As I put the final touches on my own cyberpunk romance, Unacceptable Risk, I’ve also been doing some reading in the genre. Samhain Press (which will also be publishing Unacceptable Risk) recently released Cybershock, a trio of cyberpunk novellas, which I snapped up immediately.
Here’s my take on the second, Zero Factor by Stacy Gail.
Four Stars ★ ★ ★ ★ (4.0/5.0)
Stacy Gail’s Zero Factor, like most cyberpunk stories, takes place in a grim future where much of society has collapsed, political borders have been redrawn and technology has changed the landscape. The book is set apart by the introduction of psychics, a rogue military-industrial complex and a villain who is entirely too plausible in his belief that his actions are above the law.
Our heroine, Via Brede, is one of the aforementioned psychics. In a fascinating premise for a romance novel, she receives and transmits psychically, but only through physical touch. At the opening of the novel, when she foresees a catastrophic attack, she uses this gift to warn a career soldier, Locke, who recognizes the attack as the profound betrayal that it is. The two escape together and go into hiding, intent on discovering the truth behind the explosion and the key to unlocking the true potential of Via’s power.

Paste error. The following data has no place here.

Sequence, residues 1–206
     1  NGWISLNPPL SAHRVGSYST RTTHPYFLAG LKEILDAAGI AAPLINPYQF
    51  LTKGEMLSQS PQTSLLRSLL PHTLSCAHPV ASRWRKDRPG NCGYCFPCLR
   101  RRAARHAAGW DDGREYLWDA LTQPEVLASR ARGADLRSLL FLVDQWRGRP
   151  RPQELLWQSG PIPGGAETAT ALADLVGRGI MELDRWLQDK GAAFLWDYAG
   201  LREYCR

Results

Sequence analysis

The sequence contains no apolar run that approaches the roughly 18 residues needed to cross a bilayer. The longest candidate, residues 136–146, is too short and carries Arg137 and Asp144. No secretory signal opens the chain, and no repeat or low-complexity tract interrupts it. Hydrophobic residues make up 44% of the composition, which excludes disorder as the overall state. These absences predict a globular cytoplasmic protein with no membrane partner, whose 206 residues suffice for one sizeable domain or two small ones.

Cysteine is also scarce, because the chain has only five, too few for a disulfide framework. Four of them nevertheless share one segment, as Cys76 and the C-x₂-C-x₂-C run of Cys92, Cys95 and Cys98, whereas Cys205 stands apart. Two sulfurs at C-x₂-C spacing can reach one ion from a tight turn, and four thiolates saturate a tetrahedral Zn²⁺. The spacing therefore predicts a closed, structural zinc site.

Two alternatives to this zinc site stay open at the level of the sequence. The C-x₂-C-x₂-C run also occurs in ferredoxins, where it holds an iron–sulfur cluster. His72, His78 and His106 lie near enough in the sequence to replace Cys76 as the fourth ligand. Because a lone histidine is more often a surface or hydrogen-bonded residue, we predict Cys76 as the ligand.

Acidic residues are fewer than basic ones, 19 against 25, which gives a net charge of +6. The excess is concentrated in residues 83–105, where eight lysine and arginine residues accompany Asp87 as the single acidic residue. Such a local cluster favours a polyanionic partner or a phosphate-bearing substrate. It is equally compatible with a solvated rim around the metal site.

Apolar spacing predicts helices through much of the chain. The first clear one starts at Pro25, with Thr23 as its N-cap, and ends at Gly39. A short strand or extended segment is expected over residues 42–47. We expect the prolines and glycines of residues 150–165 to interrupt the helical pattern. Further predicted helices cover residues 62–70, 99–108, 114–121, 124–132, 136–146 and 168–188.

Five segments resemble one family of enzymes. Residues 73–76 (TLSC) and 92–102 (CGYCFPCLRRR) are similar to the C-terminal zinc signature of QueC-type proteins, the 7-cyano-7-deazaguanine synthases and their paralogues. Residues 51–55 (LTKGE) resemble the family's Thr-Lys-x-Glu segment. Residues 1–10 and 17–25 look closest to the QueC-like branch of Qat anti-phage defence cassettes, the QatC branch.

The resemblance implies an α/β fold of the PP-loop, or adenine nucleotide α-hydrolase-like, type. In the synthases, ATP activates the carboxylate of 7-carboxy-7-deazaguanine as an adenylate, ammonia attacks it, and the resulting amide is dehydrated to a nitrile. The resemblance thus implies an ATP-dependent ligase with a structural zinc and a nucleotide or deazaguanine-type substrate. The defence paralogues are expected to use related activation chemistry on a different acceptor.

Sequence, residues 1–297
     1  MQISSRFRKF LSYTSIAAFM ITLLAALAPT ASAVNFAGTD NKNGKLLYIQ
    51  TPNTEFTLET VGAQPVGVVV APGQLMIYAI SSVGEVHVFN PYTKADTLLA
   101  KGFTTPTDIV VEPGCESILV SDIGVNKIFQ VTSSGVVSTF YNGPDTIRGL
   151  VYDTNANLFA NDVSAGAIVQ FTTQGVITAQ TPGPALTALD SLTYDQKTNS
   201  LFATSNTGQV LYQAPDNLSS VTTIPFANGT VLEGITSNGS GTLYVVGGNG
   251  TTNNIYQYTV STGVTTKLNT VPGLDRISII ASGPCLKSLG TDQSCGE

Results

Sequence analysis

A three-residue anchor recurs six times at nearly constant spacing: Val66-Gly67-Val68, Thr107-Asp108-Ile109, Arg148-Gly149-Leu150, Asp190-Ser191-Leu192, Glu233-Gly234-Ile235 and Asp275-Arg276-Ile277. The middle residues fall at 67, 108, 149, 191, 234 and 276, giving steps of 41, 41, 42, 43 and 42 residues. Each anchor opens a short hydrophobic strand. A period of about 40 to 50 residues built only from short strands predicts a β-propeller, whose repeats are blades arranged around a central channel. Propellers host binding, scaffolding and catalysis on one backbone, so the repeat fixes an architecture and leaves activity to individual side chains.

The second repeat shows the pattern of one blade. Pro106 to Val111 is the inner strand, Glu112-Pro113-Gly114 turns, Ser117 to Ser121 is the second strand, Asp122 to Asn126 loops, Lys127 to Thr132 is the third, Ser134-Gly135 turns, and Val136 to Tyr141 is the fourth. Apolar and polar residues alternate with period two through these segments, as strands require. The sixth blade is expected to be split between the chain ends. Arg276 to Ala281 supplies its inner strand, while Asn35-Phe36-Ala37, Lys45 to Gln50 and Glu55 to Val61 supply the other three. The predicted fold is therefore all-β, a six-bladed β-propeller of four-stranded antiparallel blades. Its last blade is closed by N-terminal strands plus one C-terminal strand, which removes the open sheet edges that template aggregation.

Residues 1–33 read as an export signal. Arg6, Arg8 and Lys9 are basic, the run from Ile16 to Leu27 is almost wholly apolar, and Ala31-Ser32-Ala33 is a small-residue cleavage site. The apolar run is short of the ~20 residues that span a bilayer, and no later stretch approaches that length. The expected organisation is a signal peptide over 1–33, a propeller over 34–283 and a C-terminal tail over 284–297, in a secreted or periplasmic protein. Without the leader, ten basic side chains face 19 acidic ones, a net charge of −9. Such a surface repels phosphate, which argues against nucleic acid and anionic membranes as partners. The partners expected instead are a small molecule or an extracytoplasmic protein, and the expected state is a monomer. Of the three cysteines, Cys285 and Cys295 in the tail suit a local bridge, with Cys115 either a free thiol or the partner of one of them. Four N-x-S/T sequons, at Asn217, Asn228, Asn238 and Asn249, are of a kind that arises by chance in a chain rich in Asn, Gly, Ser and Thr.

First off, I’m a big fan of the world Gail has created. It’s full of political intrigue and seems like a fairly natural extension of our current police state should consolidation of power continue to go unchecked, which is a big plus for me in speculative fiction.
Second, I love when a romance author creates a vaguely-supernatural world that specifically lends itself to, well, romance. The physical contact part of Via’s power makes the eroticism of the book 100% integral to the story. And wow, does the story ever get hot.
Third, I loved her characters. Locke with his steady, self-sacrificing leadership. Via with her vulnerability and her fears… but also with her extraordinary abilities and strengths. That said, my favorite character was a supporting one, Madame Citrine, who gives our heroes sanctuary and the tools they need to get to the bottom of the many mysteries before them … and to the heart of their romantic connection. That she’s gender-bending to the extreme is just a bonus.
That said, I would have liked a little more space for the connection between Via and Locke to play out. The two are almost literally thrown together, and their alliance is not an easy one. Considering that this is a fairly short novella, the author did forge a believable, compelling relationship between them. It just felt a little rushed in places.
On the whole, I give Zero Factor a solid thumbs up. It’s an intriguing premise with a unique cast of characters that provides a hot romance and a lot of food for thought.